Levenmouth’s people and businesses are being urged to have their say on two major projects happening in the area over the coming months and years.
Substantial investment is being made in the area to develop active travel routes and regenerate the River Leven.
With that in mind, we’re seeking the public’s views on those ambitious proposals, to not only help shape them moving forward but also ensure they best reflect the needs and wishes of local communities.
The Levenmouth Connectivity Project aims to reconnect the area’s communities through the creation of a safe and attractive active travel network that will be accessible to all.
A series of key improvements are planned that will make it easier and safer for people wishing to get around by walking, wheeling and cycling, and will also include links to and from new railway stations planned at Leven and Cameron Bridge as part of the Levenmouth Rail Link.
The Restoring the River Leven Project aims to improve a two-and-a-half mile stretch of the river from Windygates to Leven.
A range of proposals are being put forward that are designed to help restore the river for the benefit of local people and wildlife. These include making it easier for fish to move up and downstream of the Burn Mill and Kirkland Dams to breed and thrive.
As both projects are closely linked, two public consultations have now opened and will run parallel with one another – with people able to give feedback in a range of ways.
Councillor Altany Craik, Fife Council spokesperson for finance, economy and strategic planning, said: “With so much going on and planned in Levenmouth, I’d urge everyone to have a look at these proposals and participate in these consultations.
“As a Council, we understand the benefits of active and sustainable travel when it comes to establishing healthier and greener communities across the region, and we also want to make the most of the amazing natural assets we have on our doorstep.
“Safe and accessible infrastructure allows people to make sustainable travel choices, but these routes have to be practical for people to use in their everyday lives. That’s why it’s important for communities to help shape the designs, so please have your say.”
Alan McCulloch, Unit Manager for the Water Environment Fund (WEF) at the Scottish Environment Protection Agency (SEPA), said: “Rivers are a vital part of our landscape and a great asset to Scotland.
“Partnership work, such as the Restoring the River Leven project, is more important than ever as we respond to our changing climate, work to improve biodiversity and the need for more quality greenspace within our communities.
“The Water Environment Fund (WEF), which SEPA manages on behalf of the Scottish Government, enables projects like this to happen; directly tackling the industrial legacy of the river, while enabling fish to move further upstream and enhancing the local river environment for people to enjoy.”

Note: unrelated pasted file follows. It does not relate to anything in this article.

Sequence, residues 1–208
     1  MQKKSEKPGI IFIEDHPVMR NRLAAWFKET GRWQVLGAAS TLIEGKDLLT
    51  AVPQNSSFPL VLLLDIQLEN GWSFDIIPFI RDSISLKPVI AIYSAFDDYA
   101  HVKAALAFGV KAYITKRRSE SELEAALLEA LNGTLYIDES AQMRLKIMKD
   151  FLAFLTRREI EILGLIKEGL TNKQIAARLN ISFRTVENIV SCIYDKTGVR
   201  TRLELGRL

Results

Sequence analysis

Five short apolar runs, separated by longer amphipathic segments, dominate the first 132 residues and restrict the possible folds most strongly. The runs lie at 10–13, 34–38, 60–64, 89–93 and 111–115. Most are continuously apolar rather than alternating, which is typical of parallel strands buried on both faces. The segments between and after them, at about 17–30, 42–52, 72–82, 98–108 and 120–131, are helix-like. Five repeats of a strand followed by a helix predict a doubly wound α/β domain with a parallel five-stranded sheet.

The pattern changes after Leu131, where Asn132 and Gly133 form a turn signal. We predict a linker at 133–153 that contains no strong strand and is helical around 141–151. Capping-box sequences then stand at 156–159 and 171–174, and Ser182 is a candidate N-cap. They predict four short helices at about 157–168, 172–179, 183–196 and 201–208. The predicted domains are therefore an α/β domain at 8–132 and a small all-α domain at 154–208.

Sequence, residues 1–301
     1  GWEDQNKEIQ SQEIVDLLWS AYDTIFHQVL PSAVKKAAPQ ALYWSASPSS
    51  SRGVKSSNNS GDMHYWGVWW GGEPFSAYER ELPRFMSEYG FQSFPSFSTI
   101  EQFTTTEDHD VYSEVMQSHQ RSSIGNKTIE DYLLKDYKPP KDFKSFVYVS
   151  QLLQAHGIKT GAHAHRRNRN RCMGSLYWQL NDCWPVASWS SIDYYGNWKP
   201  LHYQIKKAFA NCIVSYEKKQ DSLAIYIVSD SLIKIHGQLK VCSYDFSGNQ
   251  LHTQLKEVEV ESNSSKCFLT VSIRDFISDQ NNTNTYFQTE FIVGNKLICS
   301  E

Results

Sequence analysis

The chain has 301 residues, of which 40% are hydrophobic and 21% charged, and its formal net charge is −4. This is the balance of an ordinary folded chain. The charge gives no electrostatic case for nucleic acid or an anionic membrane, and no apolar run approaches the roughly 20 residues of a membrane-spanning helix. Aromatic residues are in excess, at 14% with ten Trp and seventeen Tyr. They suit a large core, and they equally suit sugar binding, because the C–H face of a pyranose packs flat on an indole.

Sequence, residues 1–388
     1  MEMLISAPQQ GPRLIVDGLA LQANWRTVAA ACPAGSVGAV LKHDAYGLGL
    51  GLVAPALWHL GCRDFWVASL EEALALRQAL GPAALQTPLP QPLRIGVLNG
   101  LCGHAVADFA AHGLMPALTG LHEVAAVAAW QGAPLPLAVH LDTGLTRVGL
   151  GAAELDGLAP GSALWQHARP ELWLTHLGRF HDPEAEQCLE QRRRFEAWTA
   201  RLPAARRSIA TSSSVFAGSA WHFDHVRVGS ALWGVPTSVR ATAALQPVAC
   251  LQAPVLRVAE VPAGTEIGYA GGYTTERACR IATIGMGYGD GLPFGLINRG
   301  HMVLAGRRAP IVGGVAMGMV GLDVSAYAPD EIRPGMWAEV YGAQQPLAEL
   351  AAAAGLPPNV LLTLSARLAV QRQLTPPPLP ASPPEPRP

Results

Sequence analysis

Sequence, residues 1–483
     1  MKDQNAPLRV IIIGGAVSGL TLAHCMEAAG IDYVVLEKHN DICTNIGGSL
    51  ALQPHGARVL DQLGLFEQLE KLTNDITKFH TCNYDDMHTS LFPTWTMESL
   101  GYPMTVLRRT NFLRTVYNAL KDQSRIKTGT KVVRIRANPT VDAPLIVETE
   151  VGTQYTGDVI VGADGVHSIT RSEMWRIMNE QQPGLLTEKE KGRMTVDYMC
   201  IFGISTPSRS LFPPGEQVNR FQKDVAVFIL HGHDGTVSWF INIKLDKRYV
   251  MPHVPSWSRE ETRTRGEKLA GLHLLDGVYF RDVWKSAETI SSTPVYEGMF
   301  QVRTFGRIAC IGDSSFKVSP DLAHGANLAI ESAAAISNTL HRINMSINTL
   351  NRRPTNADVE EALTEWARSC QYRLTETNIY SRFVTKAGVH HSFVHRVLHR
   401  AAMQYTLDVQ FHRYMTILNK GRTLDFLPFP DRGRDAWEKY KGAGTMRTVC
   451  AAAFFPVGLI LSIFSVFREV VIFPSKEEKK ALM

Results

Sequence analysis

Jeremy Harris, Fife Coast and Countryside Trust CEO, commented: “At Fife Coast and Countryside Trust we recognise the value of the outdoors. We also know there are many challenges facing the natural world.
“We believe that by providing better connections, we will find solutions to these challenges. It may be a footpath, a guided walk, or a restoration project.
“Whatever the vehicle, the goal remains the same; to connect people with the natural world that supports them.
“The Restoring the River Leven project does just that. We are delighted to be working with Fife Council and the SEPA Water Environment Fund team to help develop and deliver restoration options in the Levenmouth area.
“Hearing what people think of the proposals is critical and will help shape how the project develops moving forward.”
Emilie Wadsworth, Operations Director at Green Action Trust, who are leading on the development of the river routes as part of the Leven Connectivity Project, said: “The Leven Programme partners are working together to create opportunities for all to be able to travel more sustainably and have a healthy, safe environment in which to work, live and play.
“Getting the views and input of the community is vital in developing plans that will serve their needs.
“This is the first step in a year-long engagement process which will include more opportunities for input into the Connectivity Project river routes, and also the Leven River Parks project - a National Lottery Heritage Funded development year that will gather ideas and designs for the creation of river parks alongside the routes as outlined in the Leven Masterplan.”
A link to the consultations can be found here, where people can view the plans and give feedback.
We are also hosting two drop-in community information events, where people can come along in person and find out more about what’s proposed. There will also be members of the respective project teams on hand to answer questions and take views on board.
Those public consultation events have been arranged as follows:
The Restoring the River Leven Project consultation closes on December 11, while the Levenmouth Connectivity Project consultation closes on December 16.
The Levenmouth Connectivity Project is being funded by the Scottish Government’s Places for Everyone, administered by Sustrans. Places for Everyone aims to create safer, more attractive, healthier, and inclusive places by increasing and diversifying the number of trips made by walking, wheeling, or cycling for everyday journeys.
The Restoring the River Leven Project is funded by the Water Environment Fund, administered by the Scottish Environment Protection Agency (SEPA) on behalf of the Scottish Government. SEPA works in partnership with local authorities, land and structure owners, fishery trusts and conservation bodies to deliver an annual programme of projects.